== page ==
Sunday, May 10, 2009

Family Happiness by Leo Tolstoy

Please note: The links to the etext version of Family Happiness in this blog entry will no longer work once Geocities is shut down.

Family Happiness was first published in 1859, and it marks one of the first of Tolstoy's fictional explorations of the theme of family happiness. It is autobiographical to a large extent and was written after his engagement to his ward was broken off. It explores what might have happened had the marriage taken place.

Tolstoy searched for family happiness his entire life. He did not know it in its complete form as a child as his mother died when he was about 18 months old and his father when he was nine. After his father's death, little Leo and his three brothers and sister were shifted around among other relatives. First his paternal grandmother had guardianship of the children, but she too died 11 months after his father's death. Guardianship then passed to a paternal aunt, who also died. There was then a custody battle between another paternal aunt and a paternal cousin (the model for Sonya in War and Peace) with the paternal aunt winning.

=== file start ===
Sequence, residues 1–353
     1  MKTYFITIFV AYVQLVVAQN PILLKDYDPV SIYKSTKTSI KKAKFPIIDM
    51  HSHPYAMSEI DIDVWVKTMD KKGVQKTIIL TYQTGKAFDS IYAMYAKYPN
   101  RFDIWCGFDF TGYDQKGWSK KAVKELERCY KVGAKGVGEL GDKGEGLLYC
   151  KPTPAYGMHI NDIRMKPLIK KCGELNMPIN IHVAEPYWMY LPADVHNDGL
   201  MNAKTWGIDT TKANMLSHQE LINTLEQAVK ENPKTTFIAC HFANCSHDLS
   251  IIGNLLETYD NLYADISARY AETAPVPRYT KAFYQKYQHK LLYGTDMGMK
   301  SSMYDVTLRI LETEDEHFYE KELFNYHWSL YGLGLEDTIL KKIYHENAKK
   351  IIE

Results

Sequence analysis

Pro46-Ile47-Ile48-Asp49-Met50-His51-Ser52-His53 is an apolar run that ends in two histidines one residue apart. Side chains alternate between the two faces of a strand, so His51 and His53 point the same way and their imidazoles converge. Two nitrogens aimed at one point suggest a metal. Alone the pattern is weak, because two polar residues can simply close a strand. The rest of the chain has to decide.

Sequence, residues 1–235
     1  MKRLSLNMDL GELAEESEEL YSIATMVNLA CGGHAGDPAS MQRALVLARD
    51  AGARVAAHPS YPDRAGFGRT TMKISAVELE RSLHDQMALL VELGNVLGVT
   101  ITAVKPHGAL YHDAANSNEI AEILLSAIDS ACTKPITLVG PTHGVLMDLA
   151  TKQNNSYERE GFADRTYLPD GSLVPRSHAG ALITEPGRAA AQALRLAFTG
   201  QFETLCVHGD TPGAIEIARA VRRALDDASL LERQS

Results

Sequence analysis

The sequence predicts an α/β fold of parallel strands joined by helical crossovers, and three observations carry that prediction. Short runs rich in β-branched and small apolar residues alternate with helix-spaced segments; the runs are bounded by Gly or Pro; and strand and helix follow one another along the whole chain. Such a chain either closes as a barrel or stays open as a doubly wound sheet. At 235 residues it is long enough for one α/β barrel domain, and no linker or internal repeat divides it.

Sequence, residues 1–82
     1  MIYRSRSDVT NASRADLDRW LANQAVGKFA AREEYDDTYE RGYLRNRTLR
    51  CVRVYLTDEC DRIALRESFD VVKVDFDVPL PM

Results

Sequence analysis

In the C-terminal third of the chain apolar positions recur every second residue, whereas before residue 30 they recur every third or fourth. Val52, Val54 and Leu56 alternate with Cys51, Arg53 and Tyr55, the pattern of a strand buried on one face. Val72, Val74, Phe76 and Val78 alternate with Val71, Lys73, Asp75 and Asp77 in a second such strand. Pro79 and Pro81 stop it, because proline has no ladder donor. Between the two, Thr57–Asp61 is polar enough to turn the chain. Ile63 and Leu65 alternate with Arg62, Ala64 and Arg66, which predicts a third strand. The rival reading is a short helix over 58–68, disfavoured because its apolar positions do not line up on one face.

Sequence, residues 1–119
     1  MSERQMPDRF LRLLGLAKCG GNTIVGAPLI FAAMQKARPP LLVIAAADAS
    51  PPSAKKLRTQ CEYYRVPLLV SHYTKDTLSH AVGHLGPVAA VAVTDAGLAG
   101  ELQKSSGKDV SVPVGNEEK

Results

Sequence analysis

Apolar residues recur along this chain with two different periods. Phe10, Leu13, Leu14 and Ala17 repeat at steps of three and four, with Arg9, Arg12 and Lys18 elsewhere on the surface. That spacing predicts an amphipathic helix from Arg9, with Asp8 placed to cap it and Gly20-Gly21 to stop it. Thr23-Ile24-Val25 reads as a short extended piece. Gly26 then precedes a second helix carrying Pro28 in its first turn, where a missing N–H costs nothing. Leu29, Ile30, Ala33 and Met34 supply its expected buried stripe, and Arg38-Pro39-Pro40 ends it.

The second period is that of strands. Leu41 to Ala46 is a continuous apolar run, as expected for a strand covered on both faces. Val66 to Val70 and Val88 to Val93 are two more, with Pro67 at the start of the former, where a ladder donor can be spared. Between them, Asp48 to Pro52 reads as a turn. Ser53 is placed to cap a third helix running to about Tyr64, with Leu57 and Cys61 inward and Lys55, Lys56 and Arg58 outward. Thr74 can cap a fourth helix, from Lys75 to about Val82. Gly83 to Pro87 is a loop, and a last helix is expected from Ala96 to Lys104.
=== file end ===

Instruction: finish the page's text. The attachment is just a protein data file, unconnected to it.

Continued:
None of the five children ever found family happiness in their adult lives.

Tolstoy was obsessed with trying to understand what family happiness consists of and how to achieve it. This obsession is evident in the fictional marriages he portrayed in War and Peace, Anna Karenina, The Kreutzer Sonata, and The Devil. Some believe that Tolstoy did achieve family happiness in the early years of his marriage, but I would argue that the relationship between husband and wife was volatile from the beginning, disintegrating over the years until his celebrated flight from home ending in his death from pneumonia in 1910.

So I offer up this uncorrected version of Family Happiness for all to read. It is with sadness that I report that Geocities will soon cease to exist, meaning the end of my efforts to make Tolstoy's work available to all at no cost.

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